The public career of James Carroll Napier, businessman, politician and crusader for racial justice, 1845-1940.

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Clark, Herbert
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Middle Tennessee State University
The purpose of this study is to establish an accurate and unbiased account of the life of James Carroll Napier, 1845-1940, and to use his life as a model for an analysis of the use of biographies in introductory college level American history courses. Where appropriate, some interpretation of the social, economic, and political forces which affected his development has been made. Brief interpretations of significant personalities and momentous events, which helped to shape the life of Napier, are offered to posit a more accurate and realistic image of the man and his times. Finally, Napier's racial philosophy is analyzed in relationship to Negro thought in general and the changing trends in the larger stream of white American thought. The concluding section of this inquiry constitutes a discussion of various teaching strategies which can be used to incorporate biographical data into the college-level American History Survey Course.
Napier was born a slave on June 9, 1845, in Dickson County, Tennessee. After the family was freed in 1848, they moved to Nashville where his father William operated a livery stable. Between 1859 and 1870, young James Carroll Napier attended, in succession, Wilberforce College and Oberlin College in Ohio and Howard University Law School in Washington, D. C. He made Nashville his home following his graduation from law school. Since there were few opportunities at the time for Negro lawyers, he went to work for the Internal Revenue Service. In 1878, while still a revenue agent, Napier successfully ran for a seat on the Nashville City Council. As a councilman, he wielded a considerable amount of influence in the Davidson County Republican Party and, subsequently, the state party.
By 1910, as a result of his loyalty to the Republican Party, association with black educator, Booker T. Washington, the National Negro Business League, and affiliation with the Anna T. Jeanes Trust Fund, he had emerged as a national Negro leader. Perhaps his greatest personal accomplishment was his appointment by President William Howard Taft to the position of Register of the United States Treasury in 1911. He served as the official bookkeeper of the United States in this post. After two years as Register, Napier resigned when President Woodrow Wilson sanctioned a segregation order which required white and black employees to use separate rest room facilities in the Treasury Department.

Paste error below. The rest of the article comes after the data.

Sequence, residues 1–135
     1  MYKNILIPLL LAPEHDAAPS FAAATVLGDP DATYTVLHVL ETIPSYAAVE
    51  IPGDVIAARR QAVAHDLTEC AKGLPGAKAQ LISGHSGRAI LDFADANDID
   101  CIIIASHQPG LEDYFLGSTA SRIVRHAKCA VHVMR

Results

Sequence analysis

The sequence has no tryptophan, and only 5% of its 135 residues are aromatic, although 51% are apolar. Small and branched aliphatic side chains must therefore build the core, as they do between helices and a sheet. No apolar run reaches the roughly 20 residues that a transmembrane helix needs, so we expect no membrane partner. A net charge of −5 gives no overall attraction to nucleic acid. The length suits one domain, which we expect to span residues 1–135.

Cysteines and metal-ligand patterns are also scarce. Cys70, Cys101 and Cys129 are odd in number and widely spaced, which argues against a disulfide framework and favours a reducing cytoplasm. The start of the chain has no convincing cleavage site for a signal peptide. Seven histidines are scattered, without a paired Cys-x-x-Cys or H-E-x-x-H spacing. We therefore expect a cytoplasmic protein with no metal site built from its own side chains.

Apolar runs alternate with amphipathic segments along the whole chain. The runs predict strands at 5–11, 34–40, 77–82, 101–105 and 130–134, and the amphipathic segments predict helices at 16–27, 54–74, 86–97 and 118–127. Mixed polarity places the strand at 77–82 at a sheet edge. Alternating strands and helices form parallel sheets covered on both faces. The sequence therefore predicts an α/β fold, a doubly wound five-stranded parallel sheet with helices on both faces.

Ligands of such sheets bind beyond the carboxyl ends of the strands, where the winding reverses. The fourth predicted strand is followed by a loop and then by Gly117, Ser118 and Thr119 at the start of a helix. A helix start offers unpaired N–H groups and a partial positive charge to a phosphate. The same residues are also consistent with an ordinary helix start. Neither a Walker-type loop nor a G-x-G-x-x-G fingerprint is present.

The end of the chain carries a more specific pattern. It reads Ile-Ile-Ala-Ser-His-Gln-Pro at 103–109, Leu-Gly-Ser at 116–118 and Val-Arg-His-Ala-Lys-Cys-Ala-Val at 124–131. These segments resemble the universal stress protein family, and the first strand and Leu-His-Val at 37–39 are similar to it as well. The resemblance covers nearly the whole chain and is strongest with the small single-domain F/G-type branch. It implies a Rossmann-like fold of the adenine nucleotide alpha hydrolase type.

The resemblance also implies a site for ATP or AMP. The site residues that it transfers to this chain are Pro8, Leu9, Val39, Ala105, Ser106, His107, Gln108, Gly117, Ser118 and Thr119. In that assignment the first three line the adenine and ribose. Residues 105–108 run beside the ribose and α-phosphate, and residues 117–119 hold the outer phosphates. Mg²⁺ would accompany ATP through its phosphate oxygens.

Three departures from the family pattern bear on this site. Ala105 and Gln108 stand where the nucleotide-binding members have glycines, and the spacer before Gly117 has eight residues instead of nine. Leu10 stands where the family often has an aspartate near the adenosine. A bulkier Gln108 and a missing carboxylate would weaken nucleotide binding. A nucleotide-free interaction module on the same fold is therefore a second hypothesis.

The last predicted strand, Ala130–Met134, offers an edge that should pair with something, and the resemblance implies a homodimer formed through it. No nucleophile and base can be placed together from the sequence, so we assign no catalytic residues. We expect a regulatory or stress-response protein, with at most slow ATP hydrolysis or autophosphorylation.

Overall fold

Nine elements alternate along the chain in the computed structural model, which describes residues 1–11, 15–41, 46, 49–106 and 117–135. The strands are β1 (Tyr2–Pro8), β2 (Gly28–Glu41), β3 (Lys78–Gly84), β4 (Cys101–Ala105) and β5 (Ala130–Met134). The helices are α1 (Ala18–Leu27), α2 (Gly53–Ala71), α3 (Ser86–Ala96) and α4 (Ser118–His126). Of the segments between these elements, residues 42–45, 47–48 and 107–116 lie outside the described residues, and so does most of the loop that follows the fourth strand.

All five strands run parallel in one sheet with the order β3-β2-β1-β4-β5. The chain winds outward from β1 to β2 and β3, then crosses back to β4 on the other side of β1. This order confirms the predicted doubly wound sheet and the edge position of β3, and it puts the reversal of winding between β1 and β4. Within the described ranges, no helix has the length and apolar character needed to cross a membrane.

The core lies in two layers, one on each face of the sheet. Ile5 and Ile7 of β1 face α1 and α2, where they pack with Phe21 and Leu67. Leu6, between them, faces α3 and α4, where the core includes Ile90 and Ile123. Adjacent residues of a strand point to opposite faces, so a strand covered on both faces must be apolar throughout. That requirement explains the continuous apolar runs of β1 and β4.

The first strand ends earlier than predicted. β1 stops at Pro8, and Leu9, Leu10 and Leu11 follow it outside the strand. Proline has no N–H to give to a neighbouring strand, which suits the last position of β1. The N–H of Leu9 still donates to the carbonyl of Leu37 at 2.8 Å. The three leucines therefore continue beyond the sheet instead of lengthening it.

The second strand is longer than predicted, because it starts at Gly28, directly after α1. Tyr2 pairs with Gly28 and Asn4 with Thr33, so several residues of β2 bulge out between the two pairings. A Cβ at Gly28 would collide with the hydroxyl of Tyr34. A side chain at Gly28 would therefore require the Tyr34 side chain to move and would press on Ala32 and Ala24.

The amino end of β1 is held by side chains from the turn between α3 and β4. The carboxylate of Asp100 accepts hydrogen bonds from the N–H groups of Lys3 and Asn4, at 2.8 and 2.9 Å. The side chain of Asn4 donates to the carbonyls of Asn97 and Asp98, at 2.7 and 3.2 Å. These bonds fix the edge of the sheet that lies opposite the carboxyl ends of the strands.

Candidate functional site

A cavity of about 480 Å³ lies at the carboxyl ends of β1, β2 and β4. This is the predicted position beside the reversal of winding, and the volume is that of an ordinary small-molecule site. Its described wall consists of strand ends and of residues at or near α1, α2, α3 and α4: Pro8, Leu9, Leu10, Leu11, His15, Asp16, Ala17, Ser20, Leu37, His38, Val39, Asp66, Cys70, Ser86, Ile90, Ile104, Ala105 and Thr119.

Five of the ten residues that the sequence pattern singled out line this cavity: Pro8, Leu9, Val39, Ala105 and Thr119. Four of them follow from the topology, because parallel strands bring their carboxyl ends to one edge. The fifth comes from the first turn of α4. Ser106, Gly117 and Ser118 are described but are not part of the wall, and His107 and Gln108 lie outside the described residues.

Napier was sixty-eight years of age when he resigned as Register of the Treasury. He returned to Nashville and resumed his law practice, banking and political activities, and civic work. He was instrumental in the founding of Tennessee Agricultural and Industrial State College for Negroes and an active supporter of Fisk University and Meharry Medical College. The bank he founded in 1906, now named the Citizen's Savings Bank and Trust Company, was one of the first black banks established in the United States.
Napier used his public career to implement his racial ideology. His public career was essentially a long crusade to secure the rights and self-improvement of Negroes. To accomplish his racial objectives, he associated himself with institutions and organizations which were devoted to the uplifting and self-improvement of black people.
A variety of primary and secondary sources was used in preparing this study. The James Carroll Napier Papers, which are housed at Fisk University, Nashville, Tennessee, constituted the main source. However, such materials as newspapers, court and tax records, Nashville City Council minutes, Tennessee State Department of Education records, the Booker T. Washington Papers, and Napier's correspondence while he was Register of the United States Treasury were also valuable sources of information.